About ten years ago (maybe more, though realizing it's been that long gives me a bit of a fright) I thought in poems. Really. A stanza of a poem would appear in my head entirely of its own bidding and it would follow me around until I wrote it down-- finished it out-- and tidied it up. Sometimes I'd also see/hear pieces from other poets, maybe because my school system emphasized the memorization of literature, but most of the time I just thought of original poems without having to do any real work. A walloping disclaimer here: they were not good poems. They're what you would expect from an angsty teenager who proudly listed Bach and Beethoven under her musical tastes on MySpace. And still-- and still-- when I go back and read them, I see an earnest heart underneath the stilted vocabulary. Maybe I did write bad poems, but they came from an organic process and helped me develop a love for language.
That ability to "see" a poem doesn't exist for me anymore, not properly. Every now and then I'll feel a line or phrase that needs to be turned into something, and then when I sit down to write (sometimes on the catwalk at the theatre...by the ambient light of a follow spot...when I have a break from cues) the effortless part just dissolves into labored thinking. It's as though the more I know about what good art is out there (and there is so much I have yet to learn!) the more hesitant I am about putting my own meager efforts into the pile. And maybe I'm just busier with real-life things, such as car maintenance and laundry, so that I don't have the time to daydream like when I was younger. Inspiration is a funny thing. You want to use it as an impetus for creation, not an impediment.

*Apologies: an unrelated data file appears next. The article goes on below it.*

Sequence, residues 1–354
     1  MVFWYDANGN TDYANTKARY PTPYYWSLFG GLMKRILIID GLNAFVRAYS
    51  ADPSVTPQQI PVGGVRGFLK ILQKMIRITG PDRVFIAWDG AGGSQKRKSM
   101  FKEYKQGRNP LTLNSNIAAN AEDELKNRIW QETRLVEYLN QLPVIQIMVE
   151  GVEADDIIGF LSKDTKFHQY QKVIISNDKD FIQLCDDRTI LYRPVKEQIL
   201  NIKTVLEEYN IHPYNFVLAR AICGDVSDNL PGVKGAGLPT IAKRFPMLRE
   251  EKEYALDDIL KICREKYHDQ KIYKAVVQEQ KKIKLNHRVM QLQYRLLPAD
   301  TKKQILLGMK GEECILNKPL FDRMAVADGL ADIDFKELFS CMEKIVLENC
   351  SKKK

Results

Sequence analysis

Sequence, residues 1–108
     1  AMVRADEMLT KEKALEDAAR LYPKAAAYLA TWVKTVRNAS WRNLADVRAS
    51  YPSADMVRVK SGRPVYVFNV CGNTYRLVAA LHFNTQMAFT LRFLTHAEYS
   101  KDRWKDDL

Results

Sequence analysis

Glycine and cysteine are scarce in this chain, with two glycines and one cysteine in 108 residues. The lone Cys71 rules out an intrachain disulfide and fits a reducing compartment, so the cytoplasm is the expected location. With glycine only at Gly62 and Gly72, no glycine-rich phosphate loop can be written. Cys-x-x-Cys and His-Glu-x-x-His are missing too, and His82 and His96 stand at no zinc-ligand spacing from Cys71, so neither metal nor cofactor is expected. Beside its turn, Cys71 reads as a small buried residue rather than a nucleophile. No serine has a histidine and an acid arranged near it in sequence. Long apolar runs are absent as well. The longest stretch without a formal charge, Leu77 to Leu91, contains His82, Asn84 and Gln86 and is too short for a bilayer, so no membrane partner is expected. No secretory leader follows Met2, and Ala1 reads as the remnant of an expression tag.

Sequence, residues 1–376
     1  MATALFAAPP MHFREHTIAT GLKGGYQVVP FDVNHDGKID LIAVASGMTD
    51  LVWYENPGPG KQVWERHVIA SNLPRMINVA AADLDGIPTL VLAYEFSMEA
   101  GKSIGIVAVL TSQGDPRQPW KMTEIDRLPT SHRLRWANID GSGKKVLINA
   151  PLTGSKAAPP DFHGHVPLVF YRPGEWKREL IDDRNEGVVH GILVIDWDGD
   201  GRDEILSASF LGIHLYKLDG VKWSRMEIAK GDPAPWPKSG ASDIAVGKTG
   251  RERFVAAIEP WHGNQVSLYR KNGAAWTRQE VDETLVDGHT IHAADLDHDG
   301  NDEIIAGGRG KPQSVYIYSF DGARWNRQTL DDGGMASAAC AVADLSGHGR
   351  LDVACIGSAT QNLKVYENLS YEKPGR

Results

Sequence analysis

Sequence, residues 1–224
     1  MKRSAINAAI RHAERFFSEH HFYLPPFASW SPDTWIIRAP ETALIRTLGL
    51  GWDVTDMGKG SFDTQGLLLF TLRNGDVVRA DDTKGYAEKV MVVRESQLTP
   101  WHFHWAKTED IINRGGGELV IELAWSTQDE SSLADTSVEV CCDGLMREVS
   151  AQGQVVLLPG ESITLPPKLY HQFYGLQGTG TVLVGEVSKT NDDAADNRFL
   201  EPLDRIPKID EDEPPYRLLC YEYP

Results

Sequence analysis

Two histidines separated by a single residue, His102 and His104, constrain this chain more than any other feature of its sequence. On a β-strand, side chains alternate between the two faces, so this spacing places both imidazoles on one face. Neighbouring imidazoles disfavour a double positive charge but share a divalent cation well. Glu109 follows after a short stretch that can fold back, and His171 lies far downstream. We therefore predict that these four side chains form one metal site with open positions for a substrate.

Oy. I'll stop being long-winded and post a rhyming poem here.
Henceforth it shall be winter
and this is the last spring;
(the flowers will die, the grass will sigh
and birds will cease to sing).
The ground will be frozen thick
enough to break each limb
that tries to sow (and trees won’t grow
for the sky is getting sick).
Say a farewell to the sun
as it rotates off to dusk
leaving the blooms in shells or their tombs
amidst the wet leaves’ musk.
This is the last spring,
and summer brings us nearer curled
(then comes the fall and fear of it all
as winter becomes the world).